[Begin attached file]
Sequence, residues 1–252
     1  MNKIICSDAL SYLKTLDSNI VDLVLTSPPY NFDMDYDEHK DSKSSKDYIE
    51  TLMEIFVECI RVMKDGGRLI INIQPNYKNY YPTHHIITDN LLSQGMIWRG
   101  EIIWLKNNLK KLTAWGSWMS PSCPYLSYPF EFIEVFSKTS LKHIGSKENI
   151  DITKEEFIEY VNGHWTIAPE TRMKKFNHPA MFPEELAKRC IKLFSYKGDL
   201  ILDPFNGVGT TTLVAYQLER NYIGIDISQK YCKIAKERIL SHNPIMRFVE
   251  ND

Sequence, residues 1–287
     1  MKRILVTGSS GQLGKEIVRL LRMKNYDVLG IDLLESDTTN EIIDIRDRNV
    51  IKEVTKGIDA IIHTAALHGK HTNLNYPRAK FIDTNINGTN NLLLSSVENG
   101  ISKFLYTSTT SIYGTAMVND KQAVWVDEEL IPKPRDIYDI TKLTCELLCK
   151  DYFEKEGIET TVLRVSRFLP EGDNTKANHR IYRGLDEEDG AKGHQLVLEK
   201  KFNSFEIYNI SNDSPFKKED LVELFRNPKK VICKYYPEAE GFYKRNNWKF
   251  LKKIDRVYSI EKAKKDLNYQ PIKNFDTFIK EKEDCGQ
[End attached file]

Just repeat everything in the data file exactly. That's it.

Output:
Sequence, residues 1–252
     1  MNKIICSDAL SYLKTLDSNI VDLVLTSPPY NFDMDYDEHK DSKSSKDYIE
    51  TLMEIFVECI RVMKDGGRLI INIQPNYKNY YPTHHIITDN LLSQGMIWRG
   101  EIIWLKNNLK KLTAWGSWMS PSCPYLSYPF EFIEVFSKTS LKHIGSKENI
   151  DITKEEFIEY VNGHWTIAPE TRMKKFNHPA MFPEELAKRC IKLFSYKGDL
   201  ILDPFNGVGT TTLVAYQLER NYIGIDISQK YCKIAKERIL SHNPIMRFVE
   251  ND

Sequence, residues 1–287
     1  MKRILVTGSS GQLGKEIVRL LRMKNYDVLG IDLLESDTTN EIIDIRDRNV
    51  IKEVTKGIDA IIHTAALHGK HTNLNYPRAK FIDTNINGTN NLLLSSVENG
   101  ISKFLYTSTT SIYGTAMVND KQAVWVDEEL IPKPRDIYDI TKLTCELLCK
   151  DYFEKEGIET TVLRVSRFLP EGDNTKANHR IYRGLDEEDG AKGHQLVLEK
   201  KFNSFEIYNI SNDSPFKKED LVELFRNPKK VICKYYPEAE GFYKRNNWKF
   251  LKKIDRVYSI EKAKKDLNYQ PIKNFDTFIK EKEDCGQ